"Being able to drive better decisions within our four walls… to create opportunities for our general managers to run better restaurants is clearly a very measurable benefit and impact from this technology. That goes beyond just pure revenue growth, but to the health of the business itself."
Chief experience officer, TGI Frdays
Restaurants won't see immediate ROI from AI-backed data collection, however, Mityas cautioned. It takes time to teach machine learning tools which messages will drive the next best action from guests, whether that's ordering, adding an item to their basket or making a reservation, he said.
Krupp likens the value of machine learning to developing math skills — the foundation builds over time and becomes more valuable as it advances.
Still, Fridays has seen significant results from its AI investments. The chain has nearly tripled it off-premise revenue through its digital capabilities, Mityas said. The restaurant's financial results in the first year of its AI implementation delivered a seven-fold return on investment. In 2018, technologies for general managers grew store-level profitability by 5%, reduced wait times by 20% and boosted throughput by 10%.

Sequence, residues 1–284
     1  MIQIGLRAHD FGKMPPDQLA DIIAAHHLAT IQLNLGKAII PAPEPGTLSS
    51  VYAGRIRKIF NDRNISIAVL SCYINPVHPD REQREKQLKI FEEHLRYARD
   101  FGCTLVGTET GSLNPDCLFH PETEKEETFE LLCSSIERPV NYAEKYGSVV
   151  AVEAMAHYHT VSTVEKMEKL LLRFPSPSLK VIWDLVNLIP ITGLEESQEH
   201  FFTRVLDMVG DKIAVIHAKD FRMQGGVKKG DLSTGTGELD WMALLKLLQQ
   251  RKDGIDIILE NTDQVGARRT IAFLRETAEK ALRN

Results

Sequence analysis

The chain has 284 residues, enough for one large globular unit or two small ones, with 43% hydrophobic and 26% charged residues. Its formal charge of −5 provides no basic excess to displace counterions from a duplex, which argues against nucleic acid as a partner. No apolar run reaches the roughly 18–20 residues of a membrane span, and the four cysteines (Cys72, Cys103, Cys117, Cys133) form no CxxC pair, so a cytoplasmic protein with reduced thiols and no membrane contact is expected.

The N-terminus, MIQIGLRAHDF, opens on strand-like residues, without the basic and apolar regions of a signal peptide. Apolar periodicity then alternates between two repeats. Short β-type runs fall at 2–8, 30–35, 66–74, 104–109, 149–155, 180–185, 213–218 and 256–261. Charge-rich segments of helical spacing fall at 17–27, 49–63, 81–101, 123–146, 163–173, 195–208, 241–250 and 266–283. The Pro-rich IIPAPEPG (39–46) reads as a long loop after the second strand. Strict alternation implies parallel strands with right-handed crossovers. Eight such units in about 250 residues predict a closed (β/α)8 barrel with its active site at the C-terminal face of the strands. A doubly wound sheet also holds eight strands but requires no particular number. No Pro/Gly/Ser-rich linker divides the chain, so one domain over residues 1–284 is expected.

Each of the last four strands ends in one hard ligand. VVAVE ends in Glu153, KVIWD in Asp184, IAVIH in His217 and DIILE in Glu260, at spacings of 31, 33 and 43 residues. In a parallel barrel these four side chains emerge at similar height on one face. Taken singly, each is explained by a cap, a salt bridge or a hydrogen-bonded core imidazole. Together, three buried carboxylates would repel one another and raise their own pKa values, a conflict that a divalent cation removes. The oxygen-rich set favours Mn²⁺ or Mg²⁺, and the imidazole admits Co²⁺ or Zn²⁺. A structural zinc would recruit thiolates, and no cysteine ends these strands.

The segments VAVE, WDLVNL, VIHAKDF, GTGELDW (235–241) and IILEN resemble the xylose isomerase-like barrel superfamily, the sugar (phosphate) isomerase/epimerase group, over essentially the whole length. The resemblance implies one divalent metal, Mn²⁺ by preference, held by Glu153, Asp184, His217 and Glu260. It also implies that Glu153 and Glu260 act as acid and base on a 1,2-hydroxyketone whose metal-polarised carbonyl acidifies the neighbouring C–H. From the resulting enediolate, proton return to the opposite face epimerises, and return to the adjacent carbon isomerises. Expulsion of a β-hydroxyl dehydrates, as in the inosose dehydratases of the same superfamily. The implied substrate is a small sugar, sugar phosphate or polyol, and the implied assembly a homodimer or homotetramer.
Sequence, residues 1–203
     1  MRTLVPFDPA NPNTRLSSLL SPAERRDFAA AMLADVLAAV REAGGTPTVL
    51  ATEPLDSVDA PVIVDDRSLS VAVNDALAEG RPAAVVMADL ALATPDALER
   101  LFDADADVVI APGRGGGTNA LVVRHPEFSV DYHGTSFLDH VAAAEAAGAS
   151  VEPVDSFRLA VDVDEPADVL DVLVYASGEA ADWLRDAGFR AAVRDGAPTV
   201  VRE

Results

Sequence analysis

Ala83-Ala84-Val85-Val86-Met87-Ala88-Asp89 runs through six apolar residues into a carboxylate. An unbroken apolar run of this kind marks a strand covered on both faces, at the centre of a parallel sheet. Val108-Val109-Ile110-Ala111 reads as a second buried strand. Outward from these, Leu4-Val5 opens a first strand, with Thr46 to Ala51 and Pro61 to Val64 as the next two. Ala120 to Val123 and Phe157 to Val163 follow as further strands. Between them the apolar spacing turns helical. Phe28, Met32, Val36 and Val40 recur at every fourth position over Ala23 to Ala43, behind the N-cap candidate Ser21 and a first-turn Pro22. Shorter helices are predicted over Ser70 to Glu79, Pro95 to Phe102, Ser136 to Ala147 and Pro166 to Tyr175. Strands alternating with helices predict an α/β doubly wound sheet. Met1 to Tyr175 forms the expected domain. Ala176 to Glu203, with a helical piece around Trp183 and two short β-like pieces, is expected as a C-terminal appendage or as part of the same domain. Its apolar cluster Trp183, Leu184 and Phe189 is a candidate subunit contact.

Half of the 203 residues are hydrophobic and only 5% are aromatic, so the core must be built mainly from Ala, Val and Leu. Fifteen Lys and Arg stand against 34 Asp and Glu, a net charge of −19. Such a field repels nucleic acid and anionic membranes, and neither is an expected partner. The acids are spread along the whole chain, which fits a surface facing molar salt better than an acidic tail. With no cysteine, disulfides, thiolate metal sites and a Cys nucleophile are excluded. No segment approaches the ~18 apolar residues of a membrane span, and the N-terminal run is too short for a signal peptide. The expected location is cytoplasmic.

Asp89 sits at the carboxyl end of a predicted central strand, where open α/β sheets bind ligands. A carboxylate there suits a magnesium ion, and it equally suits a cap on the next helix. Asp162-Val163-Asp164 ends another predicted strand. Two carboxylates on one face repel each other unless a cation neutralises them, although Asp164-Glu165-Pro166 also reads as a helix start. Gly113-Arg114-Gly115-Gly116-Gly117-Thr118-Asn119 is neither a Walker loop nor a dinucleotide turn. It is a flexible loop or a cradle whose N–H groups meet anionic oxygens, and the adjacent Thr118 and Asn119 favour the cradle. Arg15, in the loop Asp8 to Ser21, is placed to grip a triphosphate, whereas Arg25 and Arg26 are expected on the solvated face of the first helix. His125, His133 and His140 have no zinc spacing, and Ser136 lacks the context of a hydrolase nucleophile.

Currently, Mityas feels that AI has had a more significant impact on the guest-facing side of Fridays business than back-of-house, since the diner personalization tools reach millions of guests, compared to the 400 general managers that engage with internal technology.
Fridays' tools will contribute stronger revenue as the restaurant continues to refine the technology to its needs and it builds its voice capabilities beyond just Alexa and Google Home skills.
"In a couple of years, over half of all searches by consumers will be by voice," he said. "Continuing to refine the tools and the technologies to be able to really interact with guests through AI-driven, voice-assisted engagement is clearly there… As the tools become more sophisticated… there will be opportunities to further engage in the future to make both of our team members' as well as our guests' lives easier."